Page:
Pink-Pong’s Design History
From weird designs and experiments to a more grown-up brand
This post appeared originally in 2013 on the former Pink-Pong blog. The platform just became four years and we relaunched our website back then. I republished it on my site some years later with little edits.
Pink-Pong was a small Berlin-based platform for youth culture with efforts in blogging, public relations, artist booking, event management, and music publishing. Pink-Pong released 15 records, organized more than 20 club events, and published numerous articles involving interviews, mixtapes, and reviews. As co-founder, I focused on the whole visual representation of the platform, from branding to visual marketing to the website’s UI and development.
Creating Pink-Pong’s visual appearance was a long journey from really weird designs and experiments to a more grown-up brand. Let me take you on a little journey through Pink-Pong’s design history:
The adventure started with some self-organized open airs at Mauerpark Berlin (Video) and Rummelsburger Bucht in 2009 which got us some attention. The designs of the promotional materials were intended to be hilarious and super trashy.
Since then, we decided to grow a community around our activities and started blogging regularly. Looking back, I had no idea about CSS, PHP, or other web design technics and just learned them by trying. It was the first time for me to install WordPress on a server and I still remember how I felt after the installation: Like a magician. It was a poorly designed website, but I updated it very quickly with a version that lasted with slight changes until November 2012.
There were actually two iterations of the logo. The first attempt was a quick-shot without lots of thoughts. You can still see it on the old website above. In contrast, the second logo was way more modern and inspired by table tennis and sports emblems in general.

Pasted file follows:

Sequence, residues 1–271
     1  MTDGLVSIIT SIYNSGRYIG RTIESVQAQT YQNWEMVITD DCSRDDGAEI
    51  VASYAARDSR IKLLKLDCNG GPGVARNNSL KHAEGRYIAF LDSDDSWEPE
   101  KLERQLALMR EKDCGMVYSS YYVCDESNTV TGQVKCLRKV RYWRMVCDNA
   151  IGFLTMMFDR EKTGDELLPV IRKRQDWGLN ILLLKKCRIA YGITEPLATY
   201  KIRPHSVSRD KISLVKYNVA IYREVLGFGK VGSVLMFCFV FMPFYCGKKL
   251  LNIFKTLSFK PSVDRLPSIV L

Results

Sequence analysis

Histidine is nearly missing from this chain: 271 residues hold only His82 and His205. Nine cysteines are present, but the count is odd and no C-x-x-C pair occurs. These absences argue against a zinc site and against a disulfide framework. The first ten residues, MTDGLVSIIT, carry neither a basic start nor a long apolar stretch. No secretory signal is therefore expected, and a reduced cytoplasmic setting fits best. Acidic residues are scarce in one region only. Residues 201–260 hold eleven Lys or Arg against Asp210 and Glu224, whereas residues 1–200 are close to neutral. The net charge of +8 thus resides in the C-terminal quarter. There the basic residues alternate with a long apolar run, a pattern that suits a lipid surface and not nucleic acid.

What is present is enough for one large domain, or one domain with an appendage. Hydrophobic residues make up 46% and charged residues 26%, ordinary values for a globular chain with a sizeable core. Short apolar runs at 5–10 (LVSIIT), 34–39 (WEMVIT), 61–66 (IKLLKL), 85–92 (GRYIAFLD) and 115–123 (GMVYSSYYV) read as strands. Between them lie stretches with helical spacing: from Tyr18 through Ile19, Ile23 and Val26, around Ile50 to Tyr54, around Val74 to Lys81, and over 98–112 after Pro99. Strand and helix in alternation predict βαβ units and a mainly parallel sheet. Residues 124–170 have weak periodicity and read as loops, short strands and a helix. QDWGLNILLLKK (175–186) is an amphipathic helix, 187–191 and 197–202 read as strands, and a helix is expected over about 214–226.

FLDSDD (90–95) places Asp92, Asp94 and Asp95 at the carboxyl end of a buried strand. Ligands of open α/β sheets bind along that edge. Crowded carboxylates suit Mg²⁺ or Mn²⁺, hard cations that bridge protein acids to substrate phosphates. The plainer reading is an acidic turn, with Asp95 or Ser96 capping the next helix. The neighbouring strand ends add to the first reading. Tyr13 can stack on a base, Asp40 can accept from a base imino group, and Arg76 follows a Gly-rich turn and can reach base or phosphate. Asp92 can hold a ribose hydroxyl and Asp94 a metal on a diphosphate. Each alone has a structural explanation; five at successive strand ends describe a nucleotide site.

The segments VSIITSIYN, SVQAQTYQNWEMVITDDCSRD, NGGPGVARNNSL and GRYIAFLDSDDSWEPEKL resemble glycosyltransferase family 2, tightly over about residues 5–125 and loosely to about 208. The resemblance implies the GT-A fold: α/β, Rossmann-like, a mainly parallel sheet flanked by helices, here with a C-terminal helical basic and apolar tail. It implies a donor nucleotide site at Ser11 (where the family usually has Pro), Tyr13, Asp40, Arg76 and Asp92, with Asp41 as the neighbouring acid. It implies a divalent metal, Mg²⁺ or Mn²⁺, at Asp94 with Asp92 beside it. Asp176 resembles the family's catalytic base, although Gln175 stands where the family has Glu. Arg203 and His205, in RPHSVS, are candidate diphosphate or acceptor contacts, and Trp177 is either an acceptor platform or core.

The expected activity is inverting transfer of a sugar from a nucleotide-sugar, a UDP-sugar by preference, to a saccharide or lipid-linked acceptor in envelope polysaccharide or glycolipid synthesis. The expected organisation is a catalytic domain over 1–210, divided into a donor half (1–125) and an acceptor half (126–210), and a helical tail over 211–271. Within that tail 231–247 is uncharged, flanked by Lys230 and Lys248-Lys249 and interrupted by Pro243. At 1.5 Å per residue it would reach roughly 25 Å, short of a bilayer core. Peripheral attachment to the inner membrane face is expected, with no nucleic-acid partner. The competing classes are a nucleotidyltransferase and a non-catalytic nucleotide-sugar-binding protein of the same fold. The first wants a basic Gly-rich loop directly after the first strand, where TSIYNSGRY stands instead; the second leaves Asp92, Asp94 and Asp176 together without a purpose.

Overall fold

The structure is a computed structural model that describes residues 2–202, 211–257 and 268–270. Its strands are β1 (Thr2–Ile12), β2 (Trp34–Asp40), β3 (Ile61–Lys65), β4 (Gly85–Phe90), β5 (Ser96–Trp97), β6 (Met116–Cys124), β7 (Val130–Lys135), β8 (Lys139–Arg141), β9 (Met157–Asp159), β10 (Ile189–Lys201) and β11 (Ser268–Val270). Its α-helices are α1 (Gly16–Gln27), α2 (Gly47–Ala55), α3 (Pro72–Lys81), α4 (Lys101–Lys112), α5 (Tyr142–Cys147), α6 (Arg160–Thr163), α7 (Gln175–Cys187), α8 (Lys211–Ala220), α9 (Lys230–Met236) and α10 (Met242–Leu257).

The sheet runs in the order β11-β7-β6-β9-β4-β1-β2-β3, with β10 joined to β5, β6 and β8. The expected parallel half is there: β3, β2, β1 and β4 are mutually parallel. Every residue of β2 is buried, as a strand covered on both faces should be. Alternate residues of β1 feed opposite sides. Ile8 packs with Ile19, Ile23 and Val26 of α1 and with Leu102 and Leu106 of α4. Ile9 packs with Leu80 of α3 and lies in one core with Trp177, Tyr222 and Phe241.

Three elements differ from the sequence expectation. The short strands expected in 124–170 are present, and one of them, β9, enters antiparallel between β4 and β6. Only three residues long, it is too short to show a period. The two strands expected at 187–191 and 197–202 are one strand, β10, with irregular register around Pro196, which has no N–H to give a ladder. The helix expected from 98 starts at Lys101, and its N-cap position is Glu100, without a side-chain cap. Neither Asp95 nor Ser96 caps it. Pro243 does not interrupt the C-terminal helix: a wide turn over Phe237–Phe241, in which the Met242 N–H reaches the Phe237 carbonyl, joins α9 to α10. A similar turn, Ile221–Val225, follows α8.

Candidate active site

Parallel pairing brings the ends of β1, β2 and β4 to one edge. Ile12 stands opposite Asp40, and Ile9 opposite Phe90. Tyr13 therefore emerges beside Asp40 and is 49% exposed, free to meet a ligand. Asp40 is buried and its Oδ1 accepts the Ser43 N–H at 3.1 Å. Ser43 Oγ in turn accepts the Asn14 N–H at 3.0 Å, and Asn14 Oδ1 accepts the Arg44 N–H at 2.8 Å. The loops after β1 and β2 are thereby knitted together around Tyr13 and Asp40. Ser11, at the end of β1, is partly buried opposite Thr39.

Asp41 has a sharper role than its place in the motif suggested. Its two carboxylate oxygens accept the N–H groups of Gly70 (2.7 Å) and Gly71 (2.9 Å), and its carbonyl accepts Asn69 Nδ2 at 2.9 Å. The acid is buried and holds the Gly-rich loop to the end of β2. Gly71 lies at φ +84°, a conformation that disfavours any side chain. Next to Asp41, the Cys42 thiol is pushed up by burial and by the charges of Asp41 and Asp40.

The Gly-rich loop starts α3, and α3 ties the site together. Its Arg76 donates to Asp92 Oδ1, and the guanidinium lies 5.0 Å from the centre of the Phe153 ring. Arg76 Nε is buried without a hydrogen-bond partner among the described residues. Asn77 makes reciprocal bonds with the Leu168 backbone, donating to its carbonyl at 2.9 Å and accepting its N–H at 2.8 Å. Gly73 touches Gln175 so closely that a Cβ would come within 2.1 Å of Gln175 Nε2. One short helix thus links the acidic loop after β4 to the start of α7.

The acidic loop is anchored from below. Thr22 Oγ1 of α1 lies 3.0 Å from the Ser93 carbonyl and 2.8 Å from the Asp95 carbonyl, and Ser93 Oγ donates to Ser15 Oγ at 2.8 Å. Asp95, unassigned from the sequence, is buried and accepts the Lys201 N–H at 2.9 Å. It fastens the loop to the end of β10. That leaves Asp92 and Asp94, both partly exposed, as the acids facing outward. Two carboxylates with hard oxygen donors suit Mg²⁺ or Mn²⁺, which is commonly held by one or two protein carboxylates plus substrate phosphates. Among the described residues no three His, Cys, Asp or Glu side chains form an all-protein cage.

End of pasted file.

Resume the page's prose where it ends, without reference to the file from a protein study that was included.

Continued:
I played with the two P’s to let them look like table tennis bats and designed the logo to be usable along various color palettes. Further, it was crafted to be flexible enough for scaling it into smaller or bigger contexts.
The Color Nights
In autumn 2009, we grew our efforts in event management and started The Color Nights. The visual campaign was designed to be simple but effective. Triangles were trendy these days and as part of the pop culture, you had to involve them. I designed the posters with visibility in mind which meant strong contrasts, bold typography, and clear colors. The posters were created between 2009 – 2011:
Becoming a label
After some time, we also became a small booking agency for befriended artists and started publishing music as a label. In September 2010, we released our first EP.
Besides our first release, I was also responsible for other cover artworks. I’m pretty proud of how the artwork for Markus Lange’s release turned out: The house in the lake looks like a drawing but is actually a photo I took and edited during my studies in Finland.
To keep our community engaged, we released mixtapes on a monthly basis. Again, shame on me, I used the formerly super hip triangles as a framework for the cover artwork but got more minimal with them during the years.
Here you can see all cover-designs from 2010 – 2013 and might recognize the shift in the design-line as mentioned above:
In November 2012, the third and final version of the website was released along with some minor identity changes. After four years, Pink-Pong’s design system felt finally grown-up to me: Straight, modern, black & white, simple.
After we released our last major design shift, we had 1.5 more wonderful years where we published more music, blogs, hosted interviews, organized events like this, and even started cooperations with brands. This was the media kit I designed for our pitches back then:
However, my activities for Pink-Pong ended in 2014. The effort for the platform became just too time-intense for what I got out of it and after such a long time, I was just curious to find new challenges. Looking back, Pink-Pong taught me what it really takes to be a freelancer and I will be forever grateful for these times.